AP2EE4-Economics 3

Module Provider: Agr and Food Econ
Number of credits: 10 [5 ECTS credits]
Level:5
Terms in which taught: Autumn term module
Pre-requisites: AP1EE3 Economics 1 and AP1EE1 Economics 2
Non-modular pre-requisites:
Co-requisites:
Modules excluded:
Module version for: 2017/8

Module Convenor: Prof Nikos Georgantzis

Email: n.georgantzis@reading.ac.uk

Summary module description:

Aims:
This course builds on the theory of imperfect competition introduced in Economics 1 and 2. We will examine the economic theory of consumer choice. This is the theory which lies behind the demand curve. It gives an explanation for the way in which consumers preferences interact with prices to determine the quantities they wish to purchase. We will then move to consider the theory of the firm. We will do this by examining the importance of economic theory for real management decisions. We will look at the cost structure of the firm and discuss how the technology used by the firm influences its costs and production decisions in turn.

Assessable learning outcomes:
At the end of this course students will:
• Understand the representation of consumer preferences with indifference curves.
• Be able to apply indifference curves to analyse issues in consumer choice.
• Understand the competitive model of the firm.
• Understand the factors which influence a firm’s cost structure.
• Understand how competitive firms interact with consumers in a market.
• Be able to apply the model of the firm to analyse issues relating to competitive firms.

Private Study
It is expected that students will spend at least 4 hours per week in private study for this course. It is recommended that this should include reading the textbook, writing augmented notes based on the lectures and the reading, and testing your knowledge using the formative assignments referred to below.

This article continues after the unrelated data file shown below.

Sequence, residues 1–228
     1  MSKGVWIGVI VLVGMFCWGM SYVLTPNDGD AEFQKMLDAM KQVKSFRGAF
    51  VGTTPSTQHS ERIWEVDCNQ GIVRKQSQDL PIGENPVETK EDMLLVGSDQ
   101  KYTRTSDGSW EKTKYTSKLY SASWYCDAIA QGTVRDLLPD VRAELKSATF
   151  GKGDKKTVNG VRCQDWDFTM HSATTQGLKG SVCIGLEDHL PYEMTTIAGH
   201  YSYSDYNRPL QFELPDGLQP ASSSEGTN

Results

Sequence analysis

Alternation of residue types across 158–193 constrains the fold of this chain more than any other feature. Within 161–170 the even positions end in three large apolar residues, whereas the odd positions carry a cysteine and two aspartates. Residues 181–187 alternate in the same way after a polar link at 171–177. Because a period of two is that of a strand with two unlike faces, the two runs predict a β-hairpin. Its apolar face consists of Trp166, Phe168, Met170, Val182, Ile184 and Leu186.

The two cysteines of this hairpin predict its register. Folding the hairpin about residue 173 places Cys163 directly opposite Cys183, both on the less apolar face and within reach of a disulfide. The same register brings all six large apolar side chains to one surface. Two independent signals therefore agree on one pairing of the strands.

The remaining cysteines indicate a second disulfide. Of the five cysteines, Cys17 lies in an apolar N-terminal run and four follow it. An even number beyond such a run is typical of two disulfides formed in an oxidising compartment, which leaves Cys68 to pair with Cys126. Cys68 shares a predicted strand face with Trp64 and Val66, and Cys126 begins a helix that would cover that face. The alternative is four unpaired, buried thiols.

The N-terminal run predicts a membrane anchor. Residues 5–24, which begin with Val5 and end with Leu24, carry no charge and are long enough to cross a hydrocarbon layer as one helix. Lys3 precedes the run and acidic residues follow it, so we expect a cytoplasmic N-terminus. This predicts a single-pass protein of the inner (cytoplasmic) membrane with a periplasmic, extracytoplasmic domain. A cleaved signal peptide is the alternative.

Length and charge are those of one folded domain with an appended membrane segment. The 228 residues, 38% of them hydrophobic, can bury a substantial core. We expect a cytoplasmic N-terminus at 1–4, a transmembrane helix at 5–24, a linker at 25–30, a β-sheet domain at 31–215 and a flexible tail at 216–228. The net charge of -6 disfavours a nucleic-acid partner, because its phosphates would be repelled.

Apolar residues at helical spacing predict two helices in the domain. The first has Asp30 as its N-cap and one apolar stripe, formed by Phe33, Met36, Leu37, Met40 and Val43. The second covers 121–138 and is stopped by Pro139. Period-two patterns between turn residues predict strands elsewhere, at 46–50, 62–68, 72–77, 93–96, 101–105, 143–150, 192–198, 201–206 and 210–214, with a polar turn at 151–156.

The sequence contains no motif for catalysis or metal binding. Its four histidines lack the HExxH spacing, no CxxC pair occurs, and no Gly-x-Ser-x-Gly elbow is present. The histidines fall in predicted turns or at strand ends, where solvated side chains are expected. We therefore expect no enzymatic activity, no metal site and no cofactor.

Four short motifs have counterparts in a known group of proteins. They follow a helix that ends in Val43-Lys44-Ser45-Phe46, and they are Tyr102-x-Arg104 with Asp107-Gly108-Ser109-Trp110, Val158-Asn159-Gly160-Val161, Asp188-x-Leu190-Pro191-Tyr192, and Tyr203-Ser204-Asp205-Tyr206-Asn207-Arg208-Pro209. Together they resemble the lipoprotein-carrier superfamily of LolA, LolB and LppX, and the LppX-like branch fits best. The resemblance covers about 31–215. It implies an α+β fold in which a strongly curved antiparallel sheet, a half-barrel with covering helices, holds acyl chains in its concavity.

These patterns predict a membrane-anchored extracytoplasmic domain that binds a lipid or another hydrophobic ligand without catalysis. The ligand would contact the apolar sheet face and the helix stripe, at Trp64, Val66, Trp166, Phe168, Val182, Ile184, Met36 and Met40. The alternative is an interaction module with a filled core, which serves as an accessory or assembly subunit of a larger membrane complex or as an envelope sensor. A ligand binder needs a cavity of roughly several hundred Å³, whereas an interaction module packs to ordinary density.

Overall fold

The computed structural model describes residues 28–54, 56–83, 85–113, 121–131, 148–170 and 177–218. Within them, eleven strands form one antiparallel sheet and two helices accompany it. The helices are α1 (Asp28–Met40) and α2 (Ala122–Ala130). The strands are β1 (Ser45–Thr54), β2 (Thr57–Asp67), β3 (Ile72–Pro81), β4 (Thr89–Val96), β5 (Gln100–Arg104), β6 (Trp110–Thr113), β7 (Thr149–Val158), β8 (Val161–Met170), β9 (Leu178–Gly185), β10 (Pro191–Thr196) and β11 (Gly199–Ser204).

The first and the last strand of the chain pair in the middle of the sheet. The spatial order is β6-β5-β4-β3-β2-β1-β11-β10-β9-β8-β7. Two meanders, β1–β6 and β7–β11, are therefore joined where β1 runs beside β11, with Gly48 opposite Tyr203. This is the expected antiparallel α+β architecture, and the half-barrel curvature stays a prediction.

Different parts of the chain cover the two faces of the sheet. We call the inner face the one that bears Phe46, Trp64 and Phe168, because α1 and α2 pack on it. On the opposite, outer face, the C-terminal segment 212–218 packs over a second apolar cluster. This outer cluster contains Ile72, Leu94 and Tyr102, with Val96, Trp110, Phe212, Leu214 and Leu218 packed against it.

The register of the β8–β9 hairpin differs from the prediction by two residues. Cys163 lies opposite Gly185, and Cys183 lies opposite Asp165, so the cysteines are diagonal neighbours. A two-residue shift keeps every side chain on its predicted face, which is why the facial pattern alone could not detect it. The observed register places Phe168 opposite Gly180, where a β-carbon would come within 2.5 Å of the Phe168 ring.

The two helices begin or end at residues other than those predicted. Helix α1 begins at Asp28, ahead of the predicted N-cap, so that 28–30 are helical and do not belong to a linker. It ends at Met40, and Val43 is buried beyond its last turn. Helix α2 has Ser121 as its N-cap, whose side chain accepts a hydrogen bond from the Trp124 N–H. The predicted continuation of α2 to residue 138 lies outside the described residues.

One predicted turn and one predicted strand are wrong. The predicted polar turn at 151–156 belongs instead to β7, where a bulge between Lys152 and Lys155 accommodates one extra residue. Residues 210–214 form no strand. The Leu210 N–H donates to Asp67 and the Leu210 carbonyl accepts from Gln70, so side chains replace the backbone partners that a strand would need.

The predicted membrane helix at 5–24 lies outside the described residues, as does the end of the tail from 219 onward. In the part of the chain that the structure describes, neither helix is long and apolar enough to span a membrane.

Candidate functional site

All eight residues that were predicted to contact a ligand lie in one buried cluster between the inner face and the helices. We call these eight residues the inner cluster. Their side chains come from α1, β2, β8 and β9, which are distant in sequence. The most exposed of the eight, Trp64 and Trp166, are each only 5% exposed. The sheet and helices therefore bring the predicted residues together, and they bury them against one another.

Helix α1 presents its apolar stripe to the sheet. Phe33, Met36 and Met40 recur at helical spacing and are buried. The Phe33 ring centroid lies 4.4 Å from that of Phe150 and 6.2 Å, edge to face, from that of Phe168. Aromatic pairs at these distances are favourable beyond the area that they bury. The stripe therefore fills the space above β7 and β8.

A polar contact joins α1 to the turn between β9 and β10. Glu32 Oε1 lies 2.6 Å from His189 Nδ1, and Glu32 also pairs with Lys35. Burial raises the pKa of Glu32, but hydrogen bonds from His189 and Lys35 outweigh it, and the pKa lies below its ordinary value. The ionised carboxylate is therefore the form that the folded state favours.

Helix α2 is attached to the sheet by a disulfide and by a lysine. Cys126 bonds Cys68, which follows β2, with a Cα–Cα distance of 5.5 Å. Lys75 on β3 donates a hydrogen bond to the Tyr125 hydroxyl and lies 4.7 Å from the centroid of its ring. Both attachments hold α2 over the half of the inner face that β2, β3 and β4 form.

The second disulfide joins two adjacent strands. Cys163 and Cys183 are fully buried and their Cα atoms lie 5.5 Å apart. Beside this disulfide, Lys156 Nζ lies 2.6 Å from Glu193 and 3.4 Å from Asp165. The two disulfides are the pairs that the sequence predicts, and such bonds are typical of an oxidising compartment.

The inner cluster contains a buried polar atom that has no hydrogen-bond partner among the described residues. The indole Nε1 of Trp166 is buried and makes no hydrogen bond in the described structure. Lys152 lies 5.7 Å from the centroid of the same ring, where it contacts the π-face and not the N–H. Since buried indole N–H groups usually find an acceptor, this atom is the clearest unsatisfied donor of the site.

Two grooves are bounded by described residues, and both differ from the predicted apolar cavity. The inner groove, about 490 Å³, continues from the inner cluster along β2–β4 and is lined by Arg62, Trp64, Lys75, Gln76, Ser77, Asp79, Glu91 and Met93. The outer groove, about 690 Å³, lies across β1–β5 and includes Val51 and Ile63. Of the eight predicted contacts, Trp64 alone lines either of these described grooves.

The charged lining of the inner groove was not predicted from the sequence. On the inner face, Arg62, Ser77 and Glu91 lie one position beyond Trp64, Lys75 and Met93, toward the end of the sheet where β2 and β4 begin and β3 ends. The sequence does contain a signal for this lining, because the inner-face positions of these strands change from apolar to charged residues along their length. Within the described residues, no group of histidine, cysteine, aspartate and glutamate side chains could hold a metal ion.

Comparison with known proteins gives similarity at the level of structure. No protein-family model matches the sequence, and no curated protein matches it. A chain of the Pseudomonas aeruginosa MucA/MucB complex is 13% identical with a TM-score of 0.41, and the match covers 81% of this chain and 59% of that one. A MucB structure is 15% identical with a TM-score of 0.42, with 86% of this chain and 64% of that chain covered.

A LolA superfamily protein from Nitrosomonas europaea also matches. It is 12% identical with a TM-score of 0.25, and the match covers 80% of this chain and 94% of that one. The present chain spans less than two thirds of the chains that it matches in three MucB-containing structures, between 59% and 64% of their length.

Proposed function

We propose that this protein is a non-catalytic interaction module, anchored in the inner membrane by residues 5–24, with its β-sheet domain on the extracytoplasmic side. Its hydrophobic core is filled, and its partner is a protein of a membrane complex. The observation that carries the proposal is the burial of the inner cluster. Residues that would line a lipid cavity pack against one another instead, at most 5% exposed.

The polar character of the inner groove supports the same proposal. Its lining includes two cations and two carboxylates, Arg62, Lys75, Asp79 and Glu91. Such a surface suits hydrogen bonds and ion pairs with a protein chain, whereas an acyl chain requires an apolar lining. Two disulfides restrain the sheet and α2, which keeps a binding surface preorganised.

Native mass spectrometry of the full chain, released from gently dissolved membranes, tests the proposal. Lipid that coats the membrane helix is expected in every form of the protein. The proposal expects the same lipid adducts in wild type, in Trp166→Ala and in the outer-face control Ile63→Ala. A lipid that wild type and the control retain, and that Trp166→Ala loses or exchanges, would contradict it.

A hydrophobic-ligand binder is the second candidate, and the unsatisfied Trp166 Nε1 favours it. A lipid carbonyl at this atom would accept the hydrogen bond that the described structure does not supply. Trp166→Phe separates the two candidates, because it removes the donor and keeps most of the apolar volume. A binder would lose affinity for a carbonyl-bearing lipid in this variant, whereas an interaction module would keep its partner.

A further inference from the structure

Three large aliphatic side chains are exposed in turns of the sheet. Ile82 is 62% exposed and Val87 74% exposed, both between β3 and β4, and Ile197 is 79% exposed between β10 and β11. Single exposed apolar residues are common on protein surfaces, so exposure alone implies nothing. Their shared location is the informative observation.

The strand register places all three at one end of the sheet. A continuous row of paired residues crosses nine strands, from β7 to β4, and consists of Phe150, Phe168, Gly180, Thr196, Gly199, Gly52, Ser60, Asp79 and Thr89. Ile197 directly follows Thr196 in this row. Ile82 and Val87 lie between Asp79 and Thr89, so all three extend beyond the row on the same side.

Additional outcomes:

Outline content:
1. Consumer choice. 2. Applying consumer theory. 3. Firms and production. 4. Costs. 5. Competitive firms and markets. 6. Applying the competitive model.

Brief description of teaching and learning methods:

Contact hours:
  Autumn Spring Summer
Lectures 20
Guided independent study 80
       
Total hours by term 100.00
       
Total hours for module 100.00

Summative Assessment Methods:
Method Percentage
Class test administered by School 100

Other information on summative assessment:
Summative assessment will be by two tests (50%) consisting of multiple choice and short answer questions which are administered midway through, and at the end, of the course.

Formative assessment methods:
Practice tests will be provided for every topic in the course. The tests will be administered through Blackboard.

Penalties for late submission:
The Module Convenor will apply the following penalties for work submitted late, in accordance with the University policy.

  • where the piece of work is submitted up to one calendar week after the original deadline (or any formally agreed extension to the deadline): 10% of the total marks available for the piece of work will be deducted from the mark for each working day (or part thereof) following the deadline up to a total of five working days;
  • where the piece of work is submitted more than five working days after the original deadline (or any formally agreed extension to the deadline): a mark of zero will be recorded.

  • The University policy statement on penalties for late submission can be found at: http://www.reading.ac.uk/web/FILES/qualitysupport/penaltiesforlatesubmission.pdf
    You are strongly advised to ensure that coursework is submitted by the relevant deadline. You should note that it is advisable to submit work in an unfinished state rather than to fail to submit any work.

    Length of examination:

    Requirements for a pass:
    A mark of 40% overall.

    Reassessment arrangements:
    By multiple-choice and short answer question examination in August/September

    Additional Costs (specified where applicable):
    1) Required text books:
    2) Specialist equipment or materials:
    3) Specialist clothing, footwear or headgear:
    4) Printing and binding:
    5) Computers and devices with a particular specification:
    6) Travel, accommodation and subsistence:

    Last updated: 31 March 2017

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